When you refinance, you’ll repeat all the escrow, appraisal and closing costs. Besides, refinancing means you re-start your 30-year all over again, which means you’ll be paying mostly interest, which does not help you pay off your mortgage.

4. Make more money by starting a side gig or business

Now we have a few strategies in place, we need to look into making more money to help speed up your debt elimination process.

Think about it. You got into this position in the very beginning because you’re spending money that you don’t have. So it makes sense to find ways to make up this money and get yourself out of debt.

Being an uber driver is one of the easiest way to make money right away. You just need to have a functional 4-door car with all legal license, insurance and inspection, etc. Download the apps, register and you’re good to go. You get paid once a week. You can easily get $20 an hour taking people to their destinations and meeting new people.

You can also join the cause in revolutionizing the financial industry. You’ll earn while you learn financial concepts and help families like yours become financially independent. Pay is handsome.

Debt consolidation does not need to be complicated. It requires discipline and determination. Retire your credit cards and focus on making money.

Related article: How to Make Money Work for You

Zero Down USDA Home Loan

For home buyers today, there are two mortgage programs that offer 100% financing.

The first is the VA loan from the Department of Veterans Affairs. It's available mostly to active duty military personnel and veterans nationwide.

The other is the U.S. Department of Agriculture's Rural Development Single Family Housing Loan Guarantee Program. The USDA home loan is sometimes called a "Rural Housing Loan" or a "Section 502" loan.

Similar to FHA loan, USDA does not generate the loan. It insures mortgage lenders against loss 100%. The program is meant to drive homeownership in rural and underdeveloped areas.

The USDA Home Loan program in Hawaii offers very low interest and mortgage rate than any other institution. USDA home loans in Hawaii also offers the options for renovation, repairing, building a home from scratch and even paying off old debts.

The USDA does change its "rural areas" fairly regularly and an expanding town is apt to lose its rural loan eligibility with the next census. Homes which are USDA-eligible today may not be USDA-eligible next year.

Benefits of a USDA Home Loan

USDA home loans are very similar to conventional loans backed by Fannie Mae and Freddie Mac.

Unlike conventional loans, USDA home loans have no down payment requirement, which allows a home buyer to finance up to 100 percent of its purchase price. The U.S. Department of Agriculture assesses a two percent mortgage insurance fee to all loans, and the cost may to be added to the loan size at the time of closing, as can the costs of eligible home repairs and improvements.

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You can't do that with a Fannie Mae or Freddie Mac loan.

Another benefit is that its annual mortgage insurance fee is just 0.40%, which is less than half of most private mortgage insurance charged on a comparable conventional loan, and only one-fourth of what the FHA will charge.

USDA home loans do not have loan size limitation, which means home buyers can theoretically borrow more money with a USDA mortgage than with a conventional, VA or FHA loan.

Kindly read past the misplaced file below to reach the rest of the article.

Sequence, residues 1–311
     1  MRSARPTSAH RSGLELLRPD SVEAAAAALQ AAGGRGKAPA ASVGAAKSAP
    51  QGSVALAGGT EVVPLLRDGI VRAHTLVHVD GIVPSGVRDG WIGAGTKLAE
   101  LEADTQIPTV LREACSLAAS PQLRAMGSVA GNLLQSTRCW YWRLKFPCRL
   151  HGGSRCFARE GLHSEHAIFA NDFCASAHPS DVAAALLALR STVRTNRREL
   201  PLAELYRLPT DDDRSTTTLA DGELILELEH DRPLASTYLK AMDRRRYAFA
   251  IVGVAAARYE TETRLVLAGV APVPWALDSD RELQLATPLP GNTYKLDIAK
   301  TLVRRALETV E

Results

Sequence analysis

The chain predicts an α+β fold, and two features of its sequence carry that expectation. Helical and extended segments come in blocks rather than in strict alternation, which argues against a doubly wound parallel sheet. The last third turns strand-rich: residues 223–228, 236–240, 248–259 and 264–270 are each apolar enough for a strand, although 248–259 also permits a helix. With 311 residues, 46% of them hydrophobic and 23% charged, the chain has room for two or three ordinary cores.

Loans insured by the U.S. Department of Agriculture are available as 30-year fixed rate mortgages only, and come with their own USDA Streamline Refinance program.

Qualifying for USDA Home Loans in Hawaii

The factors that will determine your USDA eligibility are current income, credit history and also the zip code of the country where the home is situated. USDA loans are specifically for moderate to low income households thus; there is an income limit for each USDA home loan eligible county.

To be eligible for USDA Home Loans in Hawaii, your yearly income should be less than 115% of the average median income for that area. You will qualify for a USDA Loan if your income is quite less than the average median income.

Check here to see if you meet the USDA Loans Income Requirements

You should have an average credit score of at least 640, maintain a steady flow of income, and should have no foreclosures that are unsettled and no bankruptcies in the past 3 years.

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Other qualifying criteria:

• The subject property must be a primary residence
• The buyer must meet a qualifying ratio of 29 percent for housing costs; and 41 percent for total debt
• The buyer may not own another home within commuting distance of the subject property

Most importantly, the property must be located in one of the USDA designated areas. USDA property eligibility is determined by census tract density. USDA designated rural area usually has a population of less than 20,000 residents. Because of the way the USDA defines "rural", there are plenty of ex-urban and suburban neighborhoods nationwide in which USDA loans can be used.

USDA-designated areas in Hawaii:

Big Island – all areas except Hilo

Kauai, Lanai, Molokai – all areas

Maui – all areas except Kahului and Wailuku

Oahu – Village Park and Royal Kunia subdivisions, Ewa Beach, Makakilo, Kapolei, entire Waianae Coast, Central Oahu from Whitmore Village North to North Shore and Kunia, entire North Shore, Windward Oahu from Kahuku South to Ahuimanu, Waimanalo from Olomano Golf Course to Sea Life Park.

If you fulfill all these criteria, you should be eligible for a USDA Loan in Hawaii.